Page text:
“Negotiation” Needed Before Jan. 6 Committee Agrees to Live Trump Deposition

A subpoena asking former President Donald Trump to appear before a House select committee investigating the January 6 Capitol attacks would require him to agree to only appear on live television, one member said.

Rep. Adam Kinzinger, a congressman from Illinois who is one of only two Republican members of the committee, implied that conditions would have to be negotiated before the panel would agree to Trump’s terms.

Last week New York Times reporter Maggie Haberman said Trump sources had told her from close proximity that he was open to meeting with the committee., but only “so long as he gets to do so live.”

“I think that’s going to be a negotiation,” Kinzinger said to ABC News’s George Stephanopoulos on Sunday. “I’ll only address that when we know for sure whether or not the president has tried to push to come in and talk to us live.”

Kinzinger expressed skepticismTrump is rumored to have agreed to the subpoena order that the committee issued last Wednesday. “I have long learned in this that people will say something publicly” before choosing to do something else, the lawmaker said.

But Kinzinger also noted that Trump has said in the past that “he has nothing to hide.”

“So he should come in on the day we asked him to come in,” Kinzinger added. “If he pushes off beyond that, we’ll figure out what to do next.”

Kinzinger was not willing to say whether the committee would press for contempt of Congress charges against Trump if he tried to ignore the subpoena orders. “That’s a bridge we cross if we have to get there,” he said.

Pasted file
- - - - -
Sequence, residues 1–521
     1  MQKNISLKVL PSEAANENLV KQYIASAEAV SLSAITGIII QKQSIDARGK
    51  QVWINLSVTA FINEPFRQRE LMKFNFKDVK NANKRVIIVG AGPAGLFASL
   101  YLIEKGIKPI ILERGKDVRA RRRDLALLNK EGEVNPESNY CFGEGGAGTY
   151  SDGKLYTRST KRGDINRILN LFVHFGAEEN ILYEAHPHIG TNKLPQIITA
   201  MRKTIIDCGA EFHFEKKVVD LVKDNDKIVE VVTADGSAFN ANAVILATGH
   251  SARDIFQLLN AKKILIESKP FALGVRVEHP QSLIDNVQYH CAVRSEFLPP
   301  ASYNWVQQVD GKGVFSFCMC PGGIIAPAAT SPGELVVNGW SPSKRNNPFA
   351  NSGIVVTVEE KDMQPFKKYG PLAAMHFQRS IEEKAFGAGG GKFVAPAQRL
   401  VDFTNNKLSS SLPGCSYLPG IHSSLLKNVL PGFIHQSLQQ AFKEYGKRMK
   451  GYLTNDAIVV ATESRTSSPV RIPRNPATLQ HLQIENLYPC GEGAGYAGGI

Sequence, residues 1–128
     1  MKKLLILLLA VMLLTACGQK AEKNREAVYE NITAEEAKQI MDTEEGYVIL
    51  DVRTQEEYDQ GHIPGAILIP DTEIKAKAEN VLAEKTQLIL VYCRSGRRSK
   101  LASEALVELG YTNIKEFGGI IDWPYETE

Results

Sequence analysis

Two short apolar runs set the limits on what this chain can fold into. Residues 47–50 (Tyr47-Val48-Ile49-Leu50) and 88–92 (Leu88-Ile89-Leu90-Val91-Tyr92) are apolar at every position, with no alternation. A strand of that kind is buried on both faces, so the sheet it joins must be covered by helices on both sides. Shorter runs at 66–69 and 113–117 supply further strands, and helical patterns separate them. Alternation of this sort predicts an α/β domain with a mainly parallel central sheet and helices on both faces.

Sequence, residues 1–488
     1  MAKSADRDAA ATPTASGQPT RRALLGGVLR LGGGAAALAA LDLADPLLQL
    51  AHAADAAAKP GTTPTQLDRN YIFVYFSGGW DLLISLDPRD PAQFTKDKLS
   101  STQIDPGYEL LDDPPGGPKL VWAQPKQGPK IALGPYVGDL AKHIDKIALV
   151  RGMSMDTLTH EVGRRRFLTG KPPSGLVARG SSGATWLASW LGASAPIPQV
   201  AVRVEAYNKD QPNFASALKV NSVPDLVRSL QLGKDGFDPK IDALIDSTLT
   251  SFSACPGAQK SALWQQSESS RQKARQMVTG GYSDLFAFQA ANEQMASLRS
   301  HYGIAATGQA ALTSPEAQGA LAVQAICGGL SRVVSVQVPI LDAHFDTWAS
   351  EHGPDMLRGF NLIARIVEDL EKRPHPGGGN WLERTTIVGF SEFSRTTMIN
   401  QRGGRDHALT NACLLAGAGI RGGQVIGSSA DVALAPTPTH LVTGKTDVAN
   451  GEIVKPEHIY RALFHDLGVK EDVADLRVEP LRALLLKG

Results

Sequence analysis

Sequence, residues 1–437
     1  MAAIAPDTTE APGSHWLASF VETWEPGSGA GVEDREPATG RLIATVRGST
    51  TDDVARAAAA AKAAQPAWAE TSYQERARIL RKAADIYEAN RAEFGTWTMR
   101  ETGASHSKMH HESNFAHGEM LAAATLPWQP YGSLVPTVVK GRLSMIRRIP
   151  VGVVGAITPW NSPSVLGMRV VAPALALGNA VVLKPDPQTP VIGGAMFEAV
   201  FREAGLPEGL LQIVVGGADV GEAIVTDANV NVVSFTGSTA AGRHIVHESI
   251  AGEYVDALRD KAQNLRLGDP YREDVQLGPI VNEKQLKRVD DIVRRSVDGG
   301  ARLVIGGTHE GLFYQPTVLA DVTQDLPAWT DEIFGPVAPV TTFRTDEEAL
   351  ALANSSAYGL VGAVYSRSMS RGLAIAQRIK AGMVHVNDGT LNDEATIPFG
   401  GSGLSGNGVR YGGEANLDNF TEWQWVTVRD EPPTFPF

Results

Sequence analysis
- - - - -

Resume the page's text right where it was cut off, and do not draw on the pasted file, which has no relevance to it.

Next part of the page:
But the Illinois Republican also said that Trump would be breaking the law if he didn’t comply.

“We made a decision in front of the American people, not behind closed doors, to begin the process of subpoenaing the former president. He’s required by law to come in,” Kinzinger said.

It’s possible that Trump could be punished for refusing to appear before the committee, following the panel’s unanimous subpoena vote last week. Despite this, other individuals have avoided being chargedBy the Department of Justice (DOJ), Steve Bannon is an ally of the former president who briefly held the White House. was charged and convicted of contempt of Congress this summer following his refusal to comply with the January 6 committee’s subpoena.

Monday the DOJ submitted its recommendations for Bannon’s sentencingHe was sentenced to six months in prison and $200,000 in fines. Trump could face a similar sentence if the House votes for the same charges against Trump. Even if Congress is in control for the first time since January, the House can still recommend the DOJ to pursue those charges.